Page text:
by Kilian Melloy

EDGE Staff Reporter

Tuesday August 27, 2019

A movie in which the visual component is nothing more than a steady, unwavering, featureless blue screen? Who would want to — indeed, who could — watch such a thing? What would it mean to call it a film?

In the case of Darek Jarman's final cinematic project, "Blue,", it's a chance to allow the inner movie screen to take over. Much like the filmmaker's tool of the blue screen — which enables movies to blend live action with special effects work, or enables actors on a soundstage to appear to be in wide open spaces — Jarman's blue fades away and allows the imagination free reign.

Not that there's no stimulus at all. Jarman's script contains jokes and suspense and a dramatic arc, as the narration (voiced by John Quentin, along with other voice talents including Tilda Swinton, Nigel Terry, and Jarman himself) revisits the central storyline of Jarman seeking medial attention for his deteriorating eyesight. The color choice comes down to a matter of phisosophy as much as symbolism or aesthetics; "In the pandemonium of images," the narrator intones, "I present to you with the universal blue — blue, an open door to soul, an infinite possibility becoming tangible."

The issue of color aside, forsaking picture frees Jarman's voice as a writer and poet. His words paint vivid visions, even as Jarman meditates on the Zen of stepping away from something as necessary — in normal cinematic projects — as the moving picture. "From the bottom of your heart, pray to be released from image." It seems that image, at some level, is just another way of saying identity, and as some of the world's oldest religions would tell us, it is the liberation from identity that defines divine attainment. Or, as Swinton's voice asks, in an ethereal swirl of process vocals, "But what are you seeking?" To which the answer comes: "The fathomless blue of bliss."

The story of Jarman's sight is entwined with his status as a person living with AIDS in a time when AIDS meant certain death, often with terrible physical afflictions resulting not only from the virus but from the medications at the time. (In one harrowing section, Quinn enunciates a long and horrifying list of possible side effects.)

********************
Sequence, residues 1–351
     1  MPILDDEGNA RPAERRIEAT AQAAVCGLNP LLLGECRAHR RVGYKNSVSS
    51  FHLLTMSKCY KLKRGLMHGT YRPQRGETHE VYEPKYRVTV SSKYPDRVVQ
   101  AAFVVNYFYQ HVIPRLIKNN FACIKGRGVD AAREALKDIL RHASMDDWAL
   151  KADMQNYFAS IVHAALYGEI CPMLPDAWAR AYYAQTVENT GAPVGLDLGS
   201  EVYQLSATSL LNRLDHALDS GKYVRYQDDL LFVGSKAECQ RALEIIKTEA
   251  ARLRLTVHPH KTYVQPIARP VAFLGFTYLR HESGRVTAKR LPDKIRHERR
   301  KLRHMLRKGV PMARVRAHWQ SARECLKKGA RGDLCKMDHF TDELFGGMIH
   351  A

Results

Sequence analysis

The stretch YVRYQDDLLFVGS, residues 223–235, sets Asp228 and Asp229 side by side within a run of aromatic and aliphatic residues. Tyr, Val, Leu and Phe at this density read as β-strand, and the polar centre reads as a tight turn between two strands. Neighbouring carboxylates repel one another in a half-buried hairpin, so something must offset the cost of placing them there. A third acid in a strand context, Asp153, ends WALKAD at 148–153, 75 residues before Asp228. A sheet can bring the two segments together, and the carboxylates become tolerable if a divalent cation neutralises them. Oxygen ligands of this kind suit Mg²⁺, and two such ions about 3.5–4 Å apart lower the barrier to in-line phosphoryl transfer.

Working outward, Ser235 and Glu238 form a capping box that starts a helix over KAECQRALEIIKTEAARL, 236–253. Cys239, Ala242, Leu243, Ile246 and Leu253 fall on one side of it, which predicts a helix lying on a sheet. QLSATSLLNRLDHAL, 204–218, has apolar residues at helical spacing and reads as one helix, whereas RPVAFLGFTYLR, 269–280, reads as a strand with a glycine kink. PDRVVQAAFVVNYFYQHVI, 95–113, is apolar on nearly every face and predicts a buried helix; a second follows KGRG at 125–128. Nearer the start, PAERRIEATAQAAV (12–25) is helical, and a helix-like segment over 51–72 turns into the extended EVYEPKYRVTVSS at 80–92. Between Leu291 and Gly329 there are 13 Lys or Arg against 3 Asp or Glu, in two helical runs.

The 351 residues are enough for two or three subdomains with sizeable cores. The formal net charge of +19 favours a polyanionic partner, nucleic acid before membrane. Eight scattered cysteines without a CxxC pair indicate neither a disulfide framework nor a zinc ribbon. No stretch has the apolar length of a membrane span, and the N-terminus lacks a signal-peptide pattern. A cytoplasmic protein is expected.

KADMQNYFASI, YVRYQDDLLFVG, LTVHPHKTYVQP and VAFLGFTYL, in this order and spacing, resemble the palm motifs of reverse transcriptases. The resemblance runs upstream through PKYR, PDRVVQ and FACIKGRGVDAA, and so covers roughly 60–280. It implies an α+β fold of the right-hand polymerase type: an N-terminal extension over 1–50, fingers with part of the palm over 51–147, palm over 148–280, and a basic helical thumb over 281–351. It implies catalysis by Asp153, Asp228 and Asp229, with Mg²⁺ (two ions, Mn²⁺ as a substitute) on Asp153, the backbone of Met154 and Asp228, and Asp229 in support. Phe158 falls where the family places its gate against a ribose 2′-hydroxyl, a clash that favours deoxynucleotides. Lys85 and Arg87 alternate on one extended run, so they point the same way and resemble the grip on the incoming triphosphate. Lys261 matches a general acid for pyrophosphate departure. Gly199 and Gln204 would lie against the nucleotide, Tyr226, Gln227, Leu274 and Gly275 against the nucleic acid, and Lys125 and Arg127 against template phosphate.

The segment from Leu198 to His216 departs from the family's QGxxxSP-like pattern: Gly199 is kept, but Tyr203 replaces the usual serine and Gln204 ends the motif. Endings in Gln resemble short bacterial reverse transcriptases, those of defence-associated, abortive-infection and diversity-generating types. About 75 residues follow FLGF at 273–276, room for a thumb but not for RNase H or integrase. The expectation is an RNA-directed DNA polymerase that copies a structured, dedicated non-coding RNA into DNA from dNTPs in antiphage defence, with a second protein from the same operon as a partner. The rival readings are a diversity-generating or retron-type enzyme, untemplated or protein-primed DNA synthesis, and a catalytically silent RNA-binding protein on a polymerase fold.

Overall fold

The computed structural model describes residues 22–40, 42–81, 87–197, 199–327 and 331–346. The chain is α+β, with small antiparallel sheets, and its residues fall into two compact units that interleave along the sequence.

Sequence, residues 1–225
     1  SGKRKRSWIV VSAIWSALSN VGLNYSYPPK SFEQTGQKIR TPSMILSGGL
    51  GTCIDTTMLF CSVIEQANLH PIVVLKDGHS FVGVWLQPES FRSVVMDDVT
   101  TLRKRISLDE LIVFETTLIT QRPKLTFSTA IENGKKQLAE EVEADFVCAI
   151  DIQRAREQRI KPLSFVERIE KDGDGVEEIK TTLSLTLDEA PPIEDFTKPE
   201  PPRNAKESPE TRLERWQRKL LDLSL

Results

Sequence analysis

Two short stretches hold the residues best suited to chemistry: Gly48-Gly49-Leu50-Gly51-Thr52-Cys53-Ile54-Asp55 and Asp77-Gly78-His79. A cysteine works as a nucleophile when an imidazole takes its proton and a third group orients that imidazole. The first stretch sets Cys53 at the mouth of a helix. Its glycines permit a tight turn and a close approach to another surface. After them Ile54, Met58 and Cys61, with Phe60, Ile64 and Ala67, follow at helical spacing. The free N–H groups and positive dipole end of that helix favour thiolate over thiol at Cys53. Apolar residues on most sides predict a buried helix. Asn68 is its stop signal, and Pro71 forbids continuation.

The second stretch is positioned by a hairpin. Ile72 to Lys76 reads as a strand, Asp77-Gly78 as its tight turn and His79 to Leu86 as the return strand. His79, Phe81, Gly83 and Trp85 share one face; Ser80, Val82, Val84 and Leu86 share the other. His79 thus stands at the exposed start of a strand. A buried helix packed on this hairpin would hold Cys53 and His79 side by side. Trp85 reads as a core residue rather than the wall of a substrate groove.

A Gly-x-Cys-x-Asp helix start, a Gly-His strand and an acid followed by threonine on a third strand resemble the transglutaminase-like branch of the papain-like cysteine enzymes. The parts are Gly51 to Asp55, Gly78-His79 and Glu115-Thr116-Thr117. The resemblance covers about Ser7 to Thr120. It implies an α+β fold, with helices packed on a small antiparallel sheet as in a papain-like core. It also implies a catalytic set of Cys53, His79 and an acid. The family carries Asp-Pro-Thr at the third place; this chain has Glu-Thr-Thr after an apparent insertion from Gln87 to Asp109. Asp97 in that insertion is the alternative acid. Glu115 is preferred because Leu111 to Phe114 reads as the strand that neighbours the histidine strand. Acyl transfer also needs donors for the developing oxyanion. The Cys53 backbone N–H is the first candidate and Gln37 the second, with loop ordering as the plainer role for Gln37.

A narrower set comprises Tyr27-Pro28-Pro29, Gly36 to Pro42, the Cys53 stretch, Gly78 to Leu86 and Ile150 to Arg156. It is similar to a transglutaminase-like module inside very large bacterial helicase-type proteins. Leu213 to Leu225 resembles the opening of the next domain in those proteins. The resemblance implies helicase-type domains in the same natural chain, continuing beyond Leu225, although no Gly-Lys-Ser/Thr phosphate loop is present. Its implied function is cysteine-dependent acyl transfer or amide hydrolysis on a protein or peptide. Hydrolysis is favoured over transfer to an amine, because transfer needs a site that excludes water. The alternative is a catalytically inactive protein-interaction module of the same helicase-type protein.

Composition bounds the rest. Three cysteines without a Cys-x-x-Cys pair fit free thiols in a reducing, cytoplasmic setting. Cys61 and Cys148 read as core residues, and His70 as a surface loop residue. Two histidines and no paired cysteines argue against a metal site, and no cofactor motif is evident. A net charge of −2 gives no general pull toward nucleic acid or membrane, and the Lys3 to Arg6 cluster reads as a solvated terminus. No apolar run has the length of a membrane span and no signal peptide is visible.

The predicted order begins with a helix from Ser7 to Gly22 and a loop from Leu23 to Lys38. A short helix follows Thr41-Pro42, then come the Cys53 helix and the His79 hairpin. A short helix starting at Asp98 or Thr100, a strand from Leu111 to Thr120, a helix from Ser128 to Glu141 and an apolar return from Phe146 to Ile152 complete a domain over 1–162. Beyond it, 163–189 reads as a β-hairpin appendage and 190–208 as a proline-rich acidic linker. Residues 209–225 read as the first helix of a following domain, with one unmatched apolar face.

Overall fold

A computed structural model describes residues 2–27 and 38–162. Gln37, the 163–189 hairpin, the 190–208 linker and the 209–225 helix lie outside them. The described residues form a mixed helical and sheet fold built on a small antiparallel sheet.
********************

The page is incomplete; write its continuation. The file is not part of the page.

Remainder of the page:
Jarman details, with cool frankness and an occasionally bitter edge, his feelings about living with, and dying from, the disease. He also takes ruthless aim at the delusions and denials around AIDS to which much of the dominantly heterosexual world has long clung, with the LGBTQ community, from time to time, doing not much better. "In the paper today," Jarman's text drily catalogues: "Three-quarters of the AIDS organizations are not providing safer sex information. One district said they had no queers in their community, but you might try District X — they have a theater."

At other times, Jarman's humor, as black and sharp as obsidian, slices toward himself as much as at anyone else. "I caught myself looking at shoes in a shop window," the narrator reads. "I thought of going in and buying a pair, but stopped myself. The shoes I'm wearing at the moment should be sufficient to walk me out of life."

The film's sound design, by Marvin Black, is crisp and creative. An array of sound effects accompanies passages that sound like they came from Jarman's diary. Simon Fisher-Turner's music creates an immersive, sometimes hypnotic environment that hold on to its tranquillity even when raucous songs occasionally burst into the film's stream-of-consciousness stylings. (Joining the composer's work are selections by Brian Eno, Erik Satie, and something called "Disco Hospital" by Coil and Danny Hyde, among other tidbits.)

Jarman whisks us by the ears from one conceptual environment to another in much the way the imagery of his other films does. Meantime, "Blue" carries a surprisingly — but obvious, in hindsight — charge of familiarity. This is not at all so very strange to us now; what we call a podcast today could very well be thought of as tracing early roots back to this very project.

Of all Jarman's funny, cranky, idiosyncratic, and profound musings, perhaps this one gets at the nub most effectually:

"If I lose half my sight," the filmmaker asks himself, and us, "will my vision be harmed?"

Not at all.

This Blu-ray release, from Kino Lorber, comes with a healthy host of extras:

  • "Bliss," described as "a concert recording of the project that would become "Blue"

  • Assistant director David Lewis talks about his recollections of the film

  • "Glitterbug," described as "a compilation of Derek Jarman's home movies, scored by Brian Eno"

  • "Hard to Imagine," in which "John Maybury recalls Jarman's journey towards 'Blue' "

  • Featurettes in which producer James Mackay and composer Simon Fisher Turner offer their memories of the movie's production

  • A video of the "Derek Jarman Blue Plaque" being unveiled in London


    Kilian Melloy serves as EDGE Media Network's Associate Arts Editor and Staff Contributor. His professional memberships include the National Lesbian & Gay Journalists Association, the Boston Online Film Critics Association, The Gay and Lesbian Entertainment Critics Association, and the Boston Theater Critics Association's Elliot Norton Awards Committee.